CG Mart convenience store that can be called corner store, corner shop or bodega is a small store or shop in a built up area where we stock a range of everyday items such as groceries, toiletries, alcoholic and soft drinks, and may also offer money order, wire transfer services and ATM facilities in future.
CG Mart has plans to create Nepal’s first retail brand the only convenience store that serves in-store prepared food products with dine-in corner for consumers, targeting the middle class households in Kathmandu Metropolitan city. "Currently, it is very aggressive in the introduction of new retail brand and products in the market," he added.

Wednesday, February 15, 2012

Nepal seeks two months time extension from FATF

Nepal has lobbied to get two months extension from Financial Action Task Force (FATF) to pass the pending three Bills that are key to fight money laundering.
According to a source close to the Prime Minister Dr Baburam Bhattarai, Nepal has lobbied with the FATF member countries that can have a say in the global anti-money laundering watchdog for the time extension for the last time.
The FATF meeting that has been going on in Paris from February 13 will last till February 17, when it decides on Nepal's fate either to down-grade it to high-risk zone or black list it.Despite repeated commitments and time extension, Nepal has failed to pass the three key Bills — Mutual Legal Assistance Bill, Extradition Bill and Bill Against Organised Crime — that are among the major commitments to the FATF in fighting the flow of dirty money.The UCPN-Maoist led government has tabled the Bills in the House on February 13 and is planning to pass on February 17, despite the pressure from its own lawmakers as they fear it could be used against them.
Meanwhile, the government has tabled the Extradition Bill removing six key issues under ‘Not to be Considered Political Offence," blamed the main opposition Nepal Congress (NC) that has supported the Bills on Monday. "The government has tabled Extradition Bill removing six essential issues relating to organised crime for its vested interest," according to the NC parliamentary party meeting today in Singh Durbar.
"Earlier, there were 20 issues listed under the section that are not considered political offences," the NC leaders claimed, adding that the government has removed homicide, offence of making physical damage by using weapons and other risky substances, offence of using and manufacturing explosive substances intending to damage life and property, offence of arms and ammunitions, offence of using arms to be free from lawful detention and arrest and offence of illegal detention, taking hostage, kidnapping and seizure from the section.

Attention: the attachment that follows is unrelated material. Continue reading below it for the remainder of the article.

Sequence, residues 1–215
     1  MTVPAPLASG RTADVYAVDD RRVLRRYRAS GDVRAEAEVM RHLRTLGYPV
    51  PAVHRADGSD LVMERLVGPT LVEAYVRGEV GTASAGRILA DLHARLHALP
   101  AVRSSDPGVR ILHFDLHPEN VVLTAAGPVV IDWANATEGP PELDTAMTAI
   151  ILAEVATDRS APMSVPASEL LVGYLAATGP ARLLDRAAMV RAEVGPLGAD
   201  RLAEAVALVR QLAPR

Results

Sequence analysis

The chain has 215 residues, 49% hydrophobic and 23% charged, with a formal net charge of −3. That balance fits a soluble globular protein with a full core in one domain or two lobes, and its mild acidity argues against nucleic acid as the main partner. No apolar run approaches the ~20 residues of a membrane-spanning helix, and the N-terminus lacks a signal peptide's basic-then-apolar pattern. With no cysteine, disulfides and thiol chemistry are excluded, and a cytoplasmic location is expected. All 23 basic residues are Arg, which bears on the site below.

"If these offences are considered political offences, the political parties and criminal groups will enjoy state of impunity," NC lawmaker Ramesh Lekhak said, adding that UCPN-Maoists removed the 'serious' issues with ill intention that its party workers and leaders might be dragged under the offences, if the party opted for ‘revolt’ in the future.
Since these are serious crime against humanity and serious human rights offences, they should be included under non-political criminal offences," the NC demanded.
The NC, according to parliamentary party spokesperson Nabindra Raj Joshi, has called a meeting of parties outside the government tomorrow morning to prepare common standing on the removed key six issues.
"We are serious in passing the three Bills related to money laundering at the earliest with the inclusion of these issues,” Joshi added.
The three Bills under the UN Convention that Nepal had earlier ratified are very important for Nepal to pass to escape the blacklisting. Currently, Nepal is in the risk zone and it has only tow options — in absence of passing of the Bills — either to be blacklisted or downgraded to the high-risk zone that will cost Nepal dearly.
Nepal had sought one year extension to pass the three Bills by December 2011, after it failed to pass a year ago. Since, the country has ratified key UN Conventions — International Convention for the Suppression of the Financing of Terrorism-1999 and UN Convention Against Transnational Organised Crime — in June 2011, the FATF had agreed on time extension but Nepal needs to prepare Acts according to the Conventions soon.
In absence of passing of the Bills, international banks could block the bank accounts of Nepali diplomatic missions abroad apart from dishonouring letter of credit (LC) that would hit country's international trade.
Similarly, the foreign grants will be completely halted and the donors will charge high interest on loan as they will switch to commercial loans instead of current soft loans.
Nepal will be completely isolated from the international financial sector, after the FATF black lists it, as the international community will treat it like the Iran and North Korea, both black listed by the FATF.